On nettles by meadow western hedge.
3 on nettles by roadside verge.
First of the season seen on nettles by hay meadow western hedge.
The irridescent sheen of the adult comes from a coating of green scales which covers the black body. These can be lost and results in a rather 'worn', patchy appearance.
Overall length was about 8mm.
The lower image illustrates how the legs of beetles and weevils are positioned differently to butterflies, moths and flies, etc. The legs of all the insects originate from the thorax and in the flies, etc. they are bunched up in front of the abdomen. But, in the case of the beetles, the underside of the thorax extends like a shield under the front of the abdomen and allows the legs to be more equispaced.
This is probably an evolutionary requirement to ensure better weight distribution in these bulkier insects.
'Small Nettle Weevil'
These were tiny. No more than 2.5mm in length.
I am sure that I would have missed one on its own. But two just about warranted a closer look. And its not often one sees 2.5mm, six legged elephants!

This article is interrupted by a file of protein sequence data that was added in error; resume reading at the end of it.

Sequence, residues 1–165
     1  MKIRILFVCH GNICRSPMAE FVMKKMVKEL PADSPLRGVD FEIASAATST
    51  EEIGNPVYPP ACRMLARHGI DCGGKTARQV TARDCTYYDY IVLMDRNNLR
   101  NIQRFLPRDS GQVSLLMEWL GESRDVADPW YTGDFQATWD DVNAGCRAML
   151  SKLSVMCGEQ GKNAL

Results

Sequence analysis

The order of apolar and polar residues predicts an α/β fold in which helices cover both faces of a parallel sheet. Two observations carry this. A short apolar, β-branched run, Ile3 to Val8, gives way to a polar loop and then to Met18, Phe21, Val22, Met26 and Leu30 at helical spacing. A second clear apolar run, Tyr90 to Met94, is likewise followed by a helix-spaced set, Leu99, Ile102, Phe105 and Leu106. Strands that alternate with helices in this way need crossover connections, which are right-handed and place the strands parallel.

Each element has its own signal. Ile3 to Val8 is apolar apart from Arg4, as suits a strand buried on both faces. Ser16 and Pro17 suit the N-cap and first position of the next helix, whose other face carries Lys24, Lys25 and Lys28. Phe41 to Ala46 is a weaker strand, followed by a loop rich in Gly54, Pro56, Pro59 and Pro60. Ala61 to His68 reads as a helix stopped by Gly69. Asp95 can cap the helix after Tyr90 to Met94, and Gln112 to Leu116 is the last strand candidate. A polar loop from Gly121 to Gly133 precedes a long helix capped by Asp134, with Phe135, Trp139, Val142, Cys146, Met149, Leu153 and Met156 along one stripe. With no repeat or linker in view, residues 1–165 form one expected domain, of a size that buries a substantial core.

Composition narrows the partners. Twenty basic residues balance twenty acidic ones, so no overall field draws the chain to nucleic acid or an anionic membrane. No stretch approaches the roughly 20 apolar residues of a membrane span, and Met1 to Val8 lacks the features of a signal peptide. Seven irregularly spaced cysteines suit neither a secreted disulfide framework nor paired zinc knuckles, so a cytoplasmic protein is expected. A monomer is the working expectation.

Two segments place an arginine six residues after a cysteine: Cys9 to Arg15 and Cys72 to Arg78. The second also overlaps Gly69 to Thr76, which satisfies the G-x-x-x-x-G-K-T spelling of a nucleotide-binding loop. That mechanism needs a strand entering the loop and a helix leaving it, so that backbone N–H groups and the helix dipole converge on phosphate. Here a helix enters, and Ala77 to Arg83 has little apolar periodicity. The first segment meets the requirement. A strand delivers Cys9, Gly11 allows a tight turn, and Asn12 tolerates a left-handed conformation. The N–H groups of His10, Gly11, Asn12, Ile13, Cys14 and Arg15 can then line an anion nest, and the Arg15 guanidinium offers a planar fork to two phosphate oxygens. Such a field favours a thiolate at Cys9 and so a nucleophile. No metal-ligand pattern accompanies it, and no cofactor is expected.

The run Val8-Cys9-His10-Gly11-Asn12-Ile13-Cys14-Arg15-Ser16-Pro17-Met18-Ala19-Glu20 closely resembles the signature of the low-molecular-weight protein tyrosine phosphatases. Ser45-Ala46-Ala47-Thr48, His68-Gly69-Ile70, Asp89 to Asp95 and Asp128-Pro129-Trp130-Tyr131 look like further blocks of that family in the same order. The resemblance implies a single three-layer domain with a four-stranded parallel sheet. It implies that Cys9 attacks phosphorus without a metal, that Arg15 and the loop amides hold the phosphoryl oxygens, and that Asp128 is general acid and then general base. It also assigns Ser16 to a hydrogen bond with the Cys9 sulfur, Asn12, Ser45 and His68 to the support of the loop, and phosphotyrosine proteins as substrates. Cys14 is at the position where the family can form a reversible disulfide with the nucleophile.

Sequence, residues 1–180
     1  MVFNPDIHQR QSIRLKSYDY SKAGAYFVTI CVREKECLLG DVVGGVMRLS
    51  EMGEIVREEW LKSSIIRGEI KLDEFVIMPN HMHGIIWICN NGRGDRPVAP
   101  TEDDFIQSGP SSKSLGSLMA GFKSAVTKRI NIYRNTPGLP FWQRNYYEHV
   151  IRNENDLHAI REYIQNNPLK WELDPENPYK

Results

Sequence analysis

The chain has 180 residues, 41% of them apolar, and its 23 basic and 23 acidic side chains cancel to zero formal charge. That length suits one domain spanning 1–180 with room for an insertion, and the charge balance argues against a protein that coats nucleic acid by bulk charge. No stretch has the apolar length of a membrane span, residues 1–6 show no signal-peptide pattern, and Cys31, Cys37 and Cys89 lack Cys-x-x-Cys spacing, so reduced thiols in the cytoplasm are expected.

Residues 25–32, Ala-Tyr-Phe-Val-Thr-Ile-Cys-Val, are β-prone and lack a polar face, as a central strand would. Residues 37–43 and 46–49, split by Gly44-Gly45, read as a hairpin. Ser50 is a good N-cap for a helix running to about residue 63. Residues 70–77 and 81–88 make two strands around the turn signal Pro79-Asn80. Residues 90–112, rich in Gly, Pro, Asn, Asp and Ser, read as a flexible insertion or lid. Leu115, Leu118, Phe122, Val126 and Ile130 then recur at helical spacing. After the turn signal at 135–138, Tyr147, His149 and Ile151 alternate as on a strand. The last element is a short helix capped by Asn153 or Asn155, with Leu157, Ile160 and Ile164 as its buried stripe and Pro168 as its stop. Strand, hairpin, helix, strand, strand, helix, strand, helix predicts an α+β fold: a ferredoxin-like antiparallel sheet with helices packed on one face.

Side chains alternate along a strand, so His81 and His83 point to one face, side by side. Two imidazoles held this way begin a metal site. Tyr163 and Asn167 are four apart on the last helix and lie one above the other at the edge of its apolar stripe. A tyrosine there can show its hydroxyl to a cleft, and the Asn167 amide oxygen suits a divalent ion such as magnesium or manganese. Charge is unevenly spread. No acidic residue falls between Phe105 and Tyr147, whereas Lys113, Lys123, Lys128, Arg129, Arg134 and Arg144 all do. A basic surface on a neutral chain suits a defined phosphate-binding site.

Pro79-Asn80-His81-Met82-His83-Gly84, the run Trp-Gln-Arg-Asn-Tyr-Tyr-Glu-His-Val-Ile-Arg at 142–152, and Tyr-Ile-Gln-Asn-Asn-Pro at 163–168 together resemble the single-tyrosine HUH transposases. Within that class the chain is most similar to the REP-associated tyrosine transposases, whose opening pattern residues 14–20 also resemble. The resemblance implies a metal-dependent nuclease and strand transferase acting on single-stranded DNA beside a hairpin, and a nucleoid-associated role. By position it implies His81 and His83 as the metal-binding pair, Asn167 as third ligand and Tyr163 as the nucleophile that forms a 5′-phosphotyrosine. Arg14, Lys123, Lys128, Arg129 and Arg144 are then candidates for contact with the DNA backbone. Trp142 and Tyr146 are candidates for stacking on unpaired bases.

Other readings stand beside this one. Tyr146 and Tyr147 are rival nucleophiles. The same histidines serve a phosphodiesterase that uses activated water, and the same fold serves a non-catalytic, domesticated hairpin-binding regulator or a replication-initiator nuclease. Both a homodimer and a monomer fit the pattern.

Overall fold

On stinging nettles by Meadow hedge. TF 305 660.
This larger than life image reveals quite prominent femora - which implies a jumping weevil? But I was not aware of that feature at the time and so did not test that theory.
The Pea Weevil is definitely considered a pest in the farming world. The larvae, living below ground nibble the roots and root nodules of the pea plant and above ground the adults reduce the vigour of the plant by eating the leaves. This leads farmers to pesticide spray their crops once or twice a season.
This particular specimen was found in a permanent pasture containing clover and lesser trefoil which the species will fall back on in the absence of its prime diet - which happened to have been growing in the adjacent field the previous year.
Found active in hay meadow on a warm sunny day.
Because of its leaf nibbling diet the Sitona genus (of which there are 20 species found in the UK) has no need of the long probing snout commonly associated with weevils in general.
This one was just over 5mm in length and was active on a warm March day.